British Columbia Mine Reclamation Symposium

Site-specific approach for setting water quality criteria for selenium : differences between lotic and… Adams, William J.; Toll, John E.; Brix, K. V.; Tear, Lucinda Marie; DeForest, D. K. 2000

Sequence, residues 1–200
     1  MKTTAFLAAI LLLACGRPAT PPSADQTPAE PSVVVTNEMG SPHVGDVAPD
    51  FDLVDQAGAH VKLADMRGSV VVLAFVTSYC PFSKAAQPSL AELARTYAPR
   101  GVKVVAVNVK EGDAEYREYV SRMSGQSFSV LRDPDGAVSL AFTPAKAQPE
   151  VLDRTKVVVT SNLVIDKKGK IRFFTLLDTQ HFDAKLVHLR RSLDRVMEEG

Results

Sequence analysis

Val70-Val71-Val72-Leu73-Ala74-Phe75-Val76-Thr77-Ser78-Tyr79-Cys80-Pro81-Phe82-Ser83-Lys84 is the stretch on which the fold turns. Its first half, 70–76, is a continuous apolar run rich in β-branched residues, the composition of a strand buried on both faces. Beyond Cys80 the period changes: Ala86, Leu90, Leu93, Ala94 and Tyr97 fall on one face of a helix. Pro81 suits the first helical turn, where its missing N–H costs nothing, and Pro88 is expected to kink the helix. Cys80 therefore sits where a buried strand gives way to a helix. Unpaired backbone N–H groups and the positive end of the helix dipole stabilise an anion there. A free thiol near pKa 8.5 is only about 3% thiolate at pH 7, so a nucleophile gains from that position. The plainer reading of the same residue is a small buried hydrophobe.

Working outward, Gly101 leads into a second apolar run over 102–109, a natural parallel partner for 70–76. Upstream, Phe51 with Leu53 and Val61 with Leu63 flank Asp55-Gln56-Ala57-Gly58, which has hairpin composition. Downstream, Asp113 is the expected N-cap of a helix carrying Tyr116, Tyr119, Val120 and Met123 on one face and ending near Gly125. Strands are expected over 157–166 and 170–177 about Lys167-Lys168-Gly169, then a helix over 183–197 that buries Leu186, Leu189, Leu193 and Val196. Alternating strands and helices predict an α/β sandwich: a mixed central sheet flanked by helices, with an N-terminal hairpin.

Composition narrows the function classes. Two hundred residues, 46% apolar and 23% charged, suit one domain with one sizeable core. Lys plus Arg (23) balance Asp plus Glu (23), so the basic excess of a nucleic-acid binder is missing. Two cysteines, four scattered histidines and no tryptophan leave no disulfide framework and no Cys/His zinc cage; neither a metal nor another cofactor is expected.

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Proceedings of the 24th Annual British Columbia Mine Reclamation Symposium  in Williams Lake, BC, 2000. The Technical and Research Committee on Reclamation SITE-SPECIFIC APPROACH FOR SJETTING WATER QUALITY CRITERIA FOR SELENIUM: DIFFERENCES BETWEEN LOTIC AND LENTIC SYSTEMS WJ. Adams,1 J.E. Toll, 2 K.V. Brix,2 L.M. Tear, 2 D.K. DeForest,2 1 Kennecott Utah Copper P.O. Box 6001 Magna, UT 84044 2 Parametrix, Inc. 5808 Lake Washington Blvd. NE, Suite 200 Kirkland, WA ABSTRACT Results of an in-depth review of the literature indicates there are significant differences in the bioaccumulation of selenium by fishes and invertebrates from lotie (flowing) and lentic (standing) water bodies and that selenate is much less bioaccumulative than selenite. Bioaccumulation in fish is a factor of 10 or more higher in lentic systems as compared to lotic systems. These differences are a function of selenium's site-specific biogeochemical cycling. Further, we observed considerable variation in bird accumulation of selenium from site to site. To account for differences in bioaccumulation potential of selenium we developed a residue-based Bayesian Monte Carlo model to derive site-specific selenium water quality criteria protective offish and sensitive avian species. The approach uses data from a given site of interest to calibrate a model based on data from several other similar sites. When evaluating a specific site, the range of water and tissue concentrations is typically limited. This makes it difficult to use site-specific data to identify a water concentration sufficiently low that tissue concentrations do not exceed the tissue-effect threshold. Data from several similar sites provide a broader range of water and tissue residue concentrations that allow for an appropriate statistical extrapolation of the data to the site of interest. The Bayesian Monte Carlo model accounts for the significant site-to-site variability that exists in the relationship between water selenium and the mean tissue residue. In practice, data from similar sites are pooled to define a set of possible water and mean tissue residue relationships. This set of possible: relationships is then used with data from the site of interest to determine which relationships, from the set of possibilities, best fit the specific site. Once we have determined which set of possible relationship's fit the specific site, we extrapolate from the observed water concentration to a water concentration that results in a tissue residue concentration less than or equal to a chronic effect threshold. This value becomes the chronic water quality criterion. - 231 - Proceedings of the 24th Annual British Columbia Mine Reclamation Symposium  in Williams Lake, BC, 2000. The Technical and Research Committee on Reclamation INTRODUCTION Selenium contains properties that make it unique relative to other metals and metalloids. It occurs in both organic and inorganic forms which are differentially toxic and is an essential element for most organisms. The selenium forms present in aquatic systems are controlled by the biogeochemical cycling of selenium which is strongly influenced by site-specific environmental factors such as redox, pH, and biological productivity (Lemly and Smith, 1987; Bowie and Grieb, 1991; Porcella et al, 1991). Reduction of inorganic selenium species tends to immobilize selenium in an aquatic system, while other processes, such as oxidation and biotransformation tend to make selenium bioavailable to aquatic organisms. Biological mechanisms such as uptake of sediment selenium by rooted plants, benthic invertebrates, and detritus-eating invertebrates, can act to re-mobilize selenium into the aquatic food web. Accordingly, lentic systems tend to bioaccumulate selenium much more than lotie systems that have higher flushing rates and lower productivity (Lillebo et al., 1988; Van Derveer and Canton, 1997). For example, Lillebo et al. (1988) demonstrated this by plotting bioaccumulation data for impounded and flowing waters; fish selenium residues were approximately six times greater in impounded waters than in flowing waters at a water selenium concentration of 10 µg/L. Based on increased awareness of the ecotoxicological effects of selenium, a number of water quality monitoring programs have been implemented to evaluate potential selenium contamination at freshwater sites. In order to interpret the significance of the selenium concentrations measured under these programs, several authors have proposed selenium guidelines for various environmental compartments (e.g., Lemly, 1993a; Skorupa et al, 1996). Specifically, guidelines have been proposed for surface water, sediment and various tissues, including ovaries, whole body, diet, liver, eggs and testes based on the authors' reviews of published and unpublished literature. These guidelines include recommended toxicity thresholds for abiotic (water, sediment) and biotic (various fish tissues and diet) compartments. Given the site-specific factors that influence selenium bioavailability, bioaccumulation, and toxicity in aquatic systems, we believe that the use of a single guideline value for selenium in surface waters is inappropriate. Different sites will require different selenium water concentrations to ensure that concentrations in tissues such as fish and bird ovaries do not exceed a toxic threshold. Site-to-site variability has been demonstrated for fish by Van Derveer and Canton (1997) and for birds by Adams et al. (1998). Van Derveer and Canton (1997) used a sediment- based bioaccumulation model to demonstrate that fish in a lotie system in Colorado were not at risk at - 232 - Proceedings of the 24th Annual British Columbia Mine Reclamation Symposium  in Williams Lake, BC, 2000. The Technical and Research Committee on Reclamation water selenium concentrations of approximately 30 µg/L, three times higher than concentrations at which effects were observed in Belews Lake. Adams et al. (1998) evaluated the differences in bioaccumulation in shorebirds (Figure 1). They used probabilistic regression models to assess water, food chain and bird egg residues from fifteen lentic sites in the western United States. Uncertainty analysis of the regression models provided a probability distribution of waterborne selenium concentrations associated with bird egg tissue residues. The 90th and 10th percentile water selenium concentrations associated with a selenium concentration of 20 mg/kg dw in bird eggs ranged from 6.8 to 318 µg/L. These studies support the concept of the need for site-specific water quality guidelines for selenium based on a bioaccumulation model and measurement of selenium concentrations in critical tissues. The Adams et al. model is represented in this paper (Figure 2) using a revised selenium concentration of 16 mg/kg dw in mallard duck eggs as a threshold for chronic effects, i.e., EC10 for duckling hatchability and survival (Fairbrother et al. 1999). The 90th and 10th percentile water selenium concentrations associated with a selenium concentration of 16 mg/kg dw in bird eggs ranges from 4.6 and 213 µg/L, respectively. These data indicate a large degree of variability in selenium concentrations that are potentially protective for sensitive bird species at different sites depending upon site-specific biogeochemistry, bioaccumulation and bird feeding behavior. SITE-SPECIFIC BIOACCUMULATION EVALUATION The concept that site-specific differences in the biogeochemistry of selenium can significantly alter the potential for toxicological effects is best demonstrated by site-specific differences in bioaccumulation of selenium in sensitive species. We have previously examined this for birds (Adams et al, 1998). To evaluate differences in selenium bioaccumulation in fish we evaluated published fish residue data for essentially the same sites evaluated for birds by Adams et al. (1998). We separated the data into lotie sites (flowing water; short hydraulic retention times, i.e., minutes to days) and lentic sites (standing water; long hydraulic retention times, i.e., weeks to years). The concept of lotie versus lentic is one that is used to typify extremes in biogeochemistry (oxygen content, redox, hydraulic retention time, carbon content) that is important in terms of controlling the formation of reduced selenium forms including organo- selenium compounds. In lotie environments, selenium in the water column is most often found in the form of selenate and migration to sediments is limited. In lentic environments, selenate is less prevalent, selenite is more common, and both forms are biologically and chemically reduced to elemental and organo-selenium forms. These reduced forms are prevalent in lentic sediments and form the basis for uptake by benthic invertebrates and subsequent food chain bioaccumulation. - 233 - Proceedings of the 24th Annual British Columbia Mine Reclamation Symposium  in Williams Lake, BC, 2000. The Technical and Research Committee on Reclamation The results of our bioaccumulation data analysis indicates that a clear and distinct difference between the patterns of bioaccumulation by fish in lotie and lentic environments (Figure 3). The data presented here are predominately for warm water fish species (e.g., centrarchids, cyprinids, and ictalurids). Selenium bioaccumulation factors for fish from lentic environments are typically a factor of 10 or more than those from comparable water concentrations in lotie environments. Additionally, these data indicate that bioaccumulation factors for fish and selenium are inversely related to exposure concentration. This is consistent with data reported for several other metals (Brix and Deforest, 2000). Recognition of this relationship provides insight into the variability that exists in reported bioaccumulation factors (BAFs) for selenium, i.e., highest BAFs occur at the lowest exposure levels. Further analysis of the selenium fish residue data from lotie systems indicates that tissue selenium concentrations remain fairly constant across a range of water concentrations up to about 13 µg/L. In contrast, in lentic systems, selenium tissue levels begin to increase as selenium water concentrations increase above 1.0 µg/L. The hockey-stick regressions presented in Figures 4 and 5 demonstrate distinct differences in bioaccumulation between lotie and lentic systems. While the slopes of the upper parts of the regressions are similar, the inflection points are more than a factor of ten different. Recognizing that selenium is an essential element for fish, the lower part of each regression is thought to represent a range of concentrations across which fish can actively regulate selenium uptake. Recognition of these differences in bioaccumulation provides the basis for developing tools to assess site-specific bioaccumulation. SITE-SPECIFIC WATER QUALITY CRITERIA METHODOLOGY Bioaccumulation data leave little doubt that water selenium concentrations protective of aquatic life and wildlife differ from site to site as a function of selenium's site-specific biogeochemical cycling. Consequently, from a regulatory perspective to avoid over-regulation with associated costs, there is a need for developing a site-specific water quality criteria methodology for selenium. Existing methodologies for deriving site-specific water quality criteria such as water effect ratios are not applicable to selenium because unlike most contaminants, for selenium, the diet is the critical exposure pathway. Therefore, approaches for deriving site-specific water quality criteria must be based on the dietary exposure pathway to be appropriately protective for both birds and aquatic life. Given this need, identification and agreement on tissue toxicity thresholds for use in site-specific bioaccumulation models -234- Proceedings of the 24th Annual British Columbia Mine Reclamation Symposium  in Williams Lake, BC, 2000. The Technical and Research Committee on Reclamation are essential. To that end, thresholds for birds and aquatic organisms was recently reviewed and summarized by DeForest et al (1999) and Fairbrother et al. (1999). Overall, Adams et al. (1998) found a high correlation between water and mean egg selenium concentrations that is strongly influenced by site-specific factors. In light of the observed site variability, the following was concluded: first, the numerical water quality criterion for selenium is best used as a screening tool. Second, when waterborne selenium approaches or exceeds the criterion, a site-specific assessment should be used to determine whether existing water concentrations pose risk, and if so, identify a safe selenium water concentration for the site. The conclusions of Adams et al (1998) led us to develop a methodology for developing site-specific water quality criteria using tissue residue concentration and effects threshold data. We have applied the methodology to selenium, but it is applicable to any constituent for which tissue residue-based endpoints are of concern. In general, setting water quality criteria protective of tissue residue-based endpoints for metals including selenium poses problems because the bioaccumulation factor (BAF) is not constant and is inversely related to the exposure concentration (Brix and DeForest, 2000). This must be taken into account in the model. Factors influencing BAF include: site-specific water and sediment chemistry, trophic relationships, and the degree of spatial and temporal co-occurrence of habitat, stressor and the endpoint of concern. The statistical technique we use in our methodology is Bayesian Monte Carlo analysis (BMC). Monte Carlo methods are numerical techniques for generating a representative sample from a probability distribution function (PDF). BMC evolved from earlier procedures used to ensure that the PDF of a model's predictions was consistent with observed' data. These earlier acceptance/rejection procedures involved deleting predictions that were inconsistent with observations (Hornberger and Spear 1980, Beck 1987, Woodruff et al 1992). The difference between BMC and earlier procedures is that BMC is more statistically rigorous. BMC defines the acceptance/ rejection procedure using the axioms of probability theory, as expressed in Bayes' theorem (Bayes, 1763). Additional details on the site-specific methodology is reported by Toll et al (1999). Only a brief synopsis of the method is presented here. The model approach is one that uses a generic bioaccumulation model for fish or birds, such as that developed by Adams et al. (1998). The purpose of the generic model is to describe bioaccumulation as reported in the literature for a wide variety of sites. This model provides an a priori estimate of bioaccumulation potential for a given site in the absence of any site-specific data. The generic model's - 235 - Proceedings of the 24th Annual British Columbia Mine Reclamation Symposium  in Williams Lake, BC, 2000. The Technical and Research Committee on Reclamation prediction interval (Figure 6) is based on data from all sites in the data set. It describes the range of possible site-specific relationships. The data set for the generic model can be updated as additional site data are obtained. Tissue residue data from a given site can then be compared to the model's estimated value. A determination is then made as to whether or not the site-specific bioaccumulation is greater or less than what would be predicted by the generic model. If the site specific-tissue residue, at a given water concentration is less than predicted by the generic model, then the model calculates a water quality criterion that is higher for the site. This becomes the site-specific concentration in water that is protective of a given tissue threshold concentration. Likewise, if the tissue residue at the site is greater than the generic model would predict, the site-specific water quality criterion would be revised downward to insure that the tissue threshold is not exceeded. CONCLUSIONS (1) Literature data indicate that selenium bioaccumulation varies from site to site for both birds and aquatic organisms. (2) There is considerable evidence supporting that the conclusion that bioaccumulation of selenium is less at lotie sites than at lentic site. (3) There is a need for a methodology to derive site-specific water quality criteria for selenium. (4) Using a residue-based Bayesian Monte Carlo model, site-specific selenium water quality criteria can be calculated for sensitive avian and aquatic species. REFERENCES Adams, WJ., K.V. Brix, K.A. Cothern, L.M. Tear, R.D. Cardwell, A. Fairbrother, and J.E. Toll. 1998. Assessment of selenium food chain transfer and critical exposure factors for avian wildlife species: Need for site-specific data. Environmental Toxicology and Risk Assessment: Seventh Volume. ASTM STP 1333, E.E. Little, AJ. DeLonay, and B.M. Greenberg (Eds.). American Society of Testing and Materials, Philadelphia, PA. Bayes, Rev. T. 1763. An essay toward solving a problem in the doctrine of chances. Philos. Trans. R. Soc. London 53: 370-418. Reprinted in Biometrika 45: 293-315 (1958). Beck, M.B. 1987. Water Quality Modeling: A Review of the Analysis of Uncertainty. Water Res. Res. 23: 1393-1442. - 236 - Proceedings of the 24th Annual British Columbia Mine Reclamation Symposium  in Williams Lake, BC, 2000. The Technical and Research Committee on Reclamation Brix, K.V. and D. K. DeForest. 2000. Critical review of the use of bioconcentration factors for hazard classification of metals and metal compounds. Parametrix, Inc., 5808 Lake Washington Blvd. NE, Suite 200, Kirkland WA 98033. Bowie, G. L. and T. M. Grieb, 1991. A model framework for assessing the effects of selenium in aquatic ecosystems. Water Air Soil Pollution 57-58, 13-22. DeForest, D.K., K.V. Brix, and WJ. Adams. 1999. Critical review of proposed residue-based selenium toxicity thresholds for freshwater fish. Hum. Ecol. Risk Assess. 5(6): 1187-1228. Fairbrother, A., K.V. Brix, J.E. Toll, S. McKay, and WJ. Adams. 1999. Egg selenium concentrations as predictors of avian toxicity. Hum. Ecol. Risk Assess. 5(6): 1229-1253. Hornberger, G.M and R.C. Spear. 1980. Eutrophication in Peel Inlet II: Identification of Critical Uncertainties via Generalized Sensitivity Analysis. Water Resources 14: 43-49. Lemly, A. D. 1993a. Guidelines for evaluating selenium data from aquatic monitoring and assessment studies. Environmental Monitoring Assessment 28, 83-100. Lemly, A. D. and G. J. Smith, 1987. Aquatic cycling of selenium: implications for fish and wildlife. U.S. Dept. of the Interior, Fish and Wildlife Service. Leaflet 12. Washington, D.C. 10 pp. Lillebo, H. P., S. Shaner, D. Carlson, N. Richard, and P. DuBowy. 1988. Regulation of agricultural drainage to the San Joaquin River. State Water Resources Control Board. SWRCB Order No. W.Q. 85- 1. Porcella, D. B., G. L. Bowie, J. G. Sanders, and G. A. Cutter. 1991. Assessing Se cycling and toxicity in aquatic ecosystems. Water Air Soil Pollution 57-58, 3-11. Skorupa, J. P., S. P. Morman, and J. S. Sefchick-Edwards. 1996. Guidelines for interpreting selenium exposure of biota associated with nonmarine aquatic habitats. U.S. Fish and Wildlife Service National Irrigation Water Quality Program, Sacramento Field Office, March 1996. 74 pp. Toll, J. E., L. M. Tear, K. V. Brix, D. K. DeForest, and W. J. Adams. 1999. A method for determining site-specific water quality criteria protective of tissue residue-based endpoints, Society of Toxicology and Chemistry presentation (manuscript in preparation). Van Derveer, W. D. and S. P. Canton. 1997. Selenium sediment toxicity thresholds and derivation of water quality criteria for freshwater biota of western streams. Environmental Toxicology and Chemistry 16(6), 1260-1268. Woodruff, TJ., F.Y. Bois, D. Auslander and R.C. Spear. 1992. Structure and Parameterization of Pharmacokinetic Models: Their Impact on Model Prediction. Risk Analysis 12: 189-210. -237- Proceedings of the 24th Annual British Columbia Mine Reclamation Symposium  in Williams Lake, BC, 2000. The Technical and Research Committee on Reclamation  - 238 - Proceedings of the 24th Annual British Columbia Mine Reclamation Symposium  in Williams Lake, BC, 2000. The Technical and Research Committee on Reclamation   - 239 - Proceedings of the 24th Annual British Columbia Mine Reclamation Symposium  in Williams Lake, BC, 2000. The Technical and Research Committee on Reclamation          - 240 -